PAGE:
Word And Deed

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I had a very strange epiphany the other day. After a friend of mine sneezed and I said, “Bless you,” it occurred to me that what I had offered, purely out of habit, was a religious sentiment (albeit an abbreviation) to an Atheist who, nonetheless, said quite naturally, “thank you.”

Though neither one of us was particularly startled by this seemingly normal exchange, I thought about it for a second and asked if I had offended him. He, not surprisingly, answered, “no.”

But then I thought about another conversation I had had with a stranger on the telephone. It was just a solicitation and meant nothing at the time until I recalled that she ended the call by saying, “blessings.” I thought it odd and, honestly, uncalled for but then wondered if she expected some type of response from me. Was I supposed to say, “and to you, too” (or whatever the standard Christian response is)?

I certainly meant no disrespect but, rather, was quite taken by surprise because, in my life, that’s just not something people say to one another. It also goes back to that much disputed custom of wishing anybody and everybody a merry Xmas during the month of December. I’ve never understood why people find it necessary to make the assumption that you’re Christian or that you need THEIR acknowledgment. I know it’s meant to be a friendly greeting but, then, so is the much safer and non-religious “hello.”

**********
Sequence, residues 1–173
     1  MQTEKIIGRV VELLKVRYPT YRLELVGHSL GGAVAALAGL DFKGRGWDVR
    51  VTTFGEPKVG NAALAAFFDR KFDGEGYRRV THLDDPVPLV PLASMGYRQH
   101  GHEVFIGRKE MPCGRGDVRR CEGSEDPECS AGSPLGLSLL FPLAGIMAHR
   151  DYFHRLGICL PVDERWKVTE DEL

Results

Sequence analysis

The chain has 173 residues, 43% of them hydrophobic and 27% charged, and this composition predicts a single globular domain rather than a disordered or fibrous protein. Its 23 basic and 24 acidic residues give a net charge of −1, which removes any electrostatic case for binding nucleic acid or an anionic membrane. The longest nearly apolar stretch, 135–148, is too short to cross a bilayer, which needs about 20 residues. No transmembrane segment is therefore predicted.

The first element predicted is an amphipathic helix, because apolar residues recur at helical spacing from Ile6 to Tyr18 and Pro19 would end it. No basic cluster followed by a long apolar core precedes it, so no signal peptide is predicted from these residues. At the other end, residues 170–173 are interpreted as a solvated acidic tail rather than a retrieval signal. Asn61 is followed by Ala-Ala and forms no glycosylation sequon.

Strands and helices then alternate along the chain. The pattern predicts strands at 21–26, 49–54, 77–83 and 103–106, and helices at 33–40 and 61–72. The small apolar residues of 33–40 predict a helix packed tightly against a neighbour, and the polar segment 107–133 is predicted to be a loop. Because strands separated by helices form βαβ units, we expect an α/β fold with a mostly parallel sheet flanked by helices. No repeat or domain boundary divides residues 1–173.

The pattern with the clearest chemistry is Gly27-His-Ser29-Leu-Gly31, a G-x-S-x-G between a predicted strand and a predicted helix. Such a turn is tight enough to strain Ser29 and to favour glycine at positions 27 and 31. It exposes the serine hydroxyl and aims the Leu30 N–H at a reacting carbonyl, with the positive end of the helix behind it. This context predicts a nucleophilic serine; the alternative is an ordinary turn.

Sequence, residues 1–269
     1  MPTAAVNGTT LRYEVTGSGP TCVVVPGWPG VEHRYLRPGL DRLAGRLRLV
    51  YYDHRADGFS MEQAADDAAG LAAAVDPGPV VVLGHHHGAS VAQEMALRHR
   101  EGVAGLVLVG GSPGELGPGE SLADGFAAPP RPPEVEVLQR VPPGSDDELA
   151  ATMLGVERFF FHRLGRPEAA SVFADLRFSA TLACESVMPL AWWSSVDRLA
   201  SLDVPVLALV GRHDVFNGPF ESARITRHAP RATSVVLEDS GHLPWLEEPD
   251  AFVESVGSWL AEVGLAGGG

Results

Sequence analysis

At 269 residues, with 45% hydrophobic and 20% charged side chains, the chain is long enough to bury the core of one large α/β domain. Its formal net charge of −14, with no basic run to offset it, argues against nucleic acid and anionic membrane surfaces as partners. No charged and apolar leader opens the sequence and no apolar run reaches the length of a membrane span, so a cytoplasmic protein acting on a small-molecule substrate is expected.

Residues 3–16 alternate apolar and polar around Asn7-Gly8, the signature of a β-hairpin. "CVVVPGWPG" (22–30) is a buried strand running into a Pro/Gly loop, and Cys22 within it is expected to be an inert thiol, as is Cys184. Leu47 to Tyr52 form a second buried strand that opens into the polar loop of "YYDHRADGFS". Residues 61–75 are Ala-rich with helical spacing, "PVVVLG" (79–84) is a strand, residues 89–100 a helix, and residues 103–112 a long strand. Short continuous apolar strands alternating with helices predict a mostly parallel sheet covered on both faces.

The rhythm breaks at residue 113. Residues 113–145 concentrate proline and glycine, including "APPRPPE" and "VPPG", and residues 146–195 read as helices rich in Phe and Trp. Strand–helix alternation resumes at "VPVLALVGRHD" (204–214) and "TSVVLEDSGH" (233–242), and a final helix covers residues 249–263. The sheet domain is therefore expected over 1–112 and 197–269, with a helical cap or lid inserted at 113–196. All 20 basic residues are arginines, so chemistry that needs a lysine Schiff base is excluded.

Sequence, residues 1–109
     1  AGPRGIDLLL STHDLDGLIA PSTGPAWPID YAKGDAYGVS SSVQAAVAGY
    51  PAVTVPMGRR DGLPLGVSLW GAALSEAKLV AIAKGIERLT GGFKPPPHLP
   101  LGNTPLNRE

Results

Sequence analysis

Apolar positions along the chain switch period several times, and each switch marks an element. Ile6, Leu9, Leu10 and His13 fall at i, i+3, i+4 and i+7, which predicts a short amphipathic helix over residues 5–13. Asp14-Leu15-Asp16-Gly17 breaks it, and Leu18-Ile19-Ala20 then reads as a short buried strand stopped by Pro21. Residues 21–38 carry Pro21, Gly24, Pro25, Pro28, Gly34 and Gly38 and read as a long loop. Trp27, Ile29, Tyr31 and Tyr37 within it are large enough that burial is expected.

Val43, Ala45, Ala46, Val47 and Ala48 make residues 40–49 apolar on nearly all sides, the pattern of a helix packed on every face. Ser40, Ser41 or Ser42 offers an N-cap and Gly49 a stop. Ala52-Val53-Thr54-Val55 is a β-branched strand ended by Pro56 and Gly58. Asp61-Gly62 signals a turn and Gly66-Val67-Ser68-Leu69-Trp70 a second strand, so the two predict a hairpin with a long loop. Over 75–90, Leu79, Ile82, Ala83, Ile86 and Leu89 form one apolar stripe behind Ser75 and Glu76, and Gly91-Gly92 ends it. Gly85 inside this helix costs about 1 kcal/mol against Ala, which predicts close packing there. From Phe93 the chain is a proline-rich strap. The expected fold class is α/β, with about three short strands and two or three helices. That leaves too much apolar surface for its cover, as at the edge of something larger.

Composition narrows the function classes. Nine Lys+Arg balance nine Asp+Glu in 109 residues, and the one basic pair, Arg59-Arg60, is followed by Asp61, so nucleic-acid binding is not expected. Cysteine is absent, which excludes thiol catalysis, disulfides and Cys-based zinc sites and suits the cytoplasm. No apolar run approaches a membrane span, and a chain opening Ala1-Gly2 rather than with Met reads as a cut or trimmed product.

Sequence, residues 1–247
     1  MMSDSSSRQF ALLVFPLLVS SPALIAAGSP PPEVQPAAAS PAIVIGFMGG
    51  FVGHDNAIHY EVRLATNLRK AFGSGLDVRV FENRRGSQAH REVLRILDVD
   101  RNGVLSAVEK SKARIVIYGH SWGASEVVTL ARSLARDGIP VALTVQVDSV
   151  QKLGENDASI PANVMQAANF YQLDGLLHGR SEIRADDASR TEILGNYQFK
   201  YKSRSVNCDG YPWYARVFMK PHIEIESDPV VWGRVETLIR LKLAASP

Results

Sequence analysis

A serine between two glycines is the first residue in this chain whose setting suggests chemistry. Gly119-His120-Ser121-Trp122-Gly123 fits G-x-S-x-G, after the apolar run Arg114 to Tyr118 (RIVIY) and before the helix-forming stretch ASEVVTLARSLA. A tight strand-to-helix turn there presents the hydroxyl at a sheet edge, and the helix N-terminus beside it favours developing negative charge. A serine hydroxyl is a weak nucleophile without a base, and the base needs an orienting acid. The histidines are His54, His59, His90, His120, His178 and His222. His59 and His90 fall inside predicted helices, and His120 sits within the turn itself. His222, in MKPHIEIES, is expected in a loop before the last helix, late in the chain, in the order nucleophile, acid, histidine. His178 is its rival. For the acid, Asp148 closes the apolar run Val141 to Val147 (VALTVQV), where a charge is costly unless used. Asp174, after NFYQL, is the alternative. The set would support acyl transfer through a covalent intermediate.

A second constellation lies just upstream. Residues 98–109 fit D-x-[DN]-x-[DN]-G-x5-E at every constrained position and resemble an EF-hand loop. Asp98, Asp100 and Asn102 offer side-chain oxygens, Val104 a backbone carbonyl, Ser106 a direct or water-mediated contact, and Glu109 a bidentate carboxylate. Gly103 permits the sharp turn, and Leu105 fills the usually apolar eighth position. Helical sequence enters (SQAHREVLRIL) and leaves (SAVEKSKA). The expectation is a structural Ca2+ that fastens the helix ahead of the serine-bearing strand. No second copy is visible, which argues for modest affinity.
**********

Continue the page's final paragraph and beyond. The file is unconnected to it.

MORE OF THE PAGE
Whatever the intended message or meaning is behind the words, it would be so much easier if people just acknowledged one another with a brief nod or a pleasant smile!

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Ready Or Not

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“Ready or not, here I come…,” we shouted as children playing Hide and Go Seek. And, not surprisingly, we always found our playmates. “Are you ready, yet?” we asked our own children when we were running late to an appointment. “Let’s Go” and “Chop Chop,” I often, and as kindly as possible, say to my parents when I know they would rather just stay home but they’ve got places to go and things to do.

With 24 hours in a day, you’d think that we would have plenty of time… we rush to work, we rush getting dressed up to go to events and we even rush so that we don’t end up having to rush. Time is a funny thing. We think we have so much of it when we’re young so we’re always late. Then we want time to slow down because things were so much easier when we had nothing BUT time.

“Youth is wasted on the young.” Wouldn’t it be great to have known then what you know now that you’re older and more experienced? Sadly, all of that knowledge and wisdom comes too late to be able to really enjoy it – as our younger selves could.

They say you’re never quite ready for marriage or children. There isn’t necessarily a perfect time in our lives for such life-altering events. But we do our best whether or not we’re truly ready!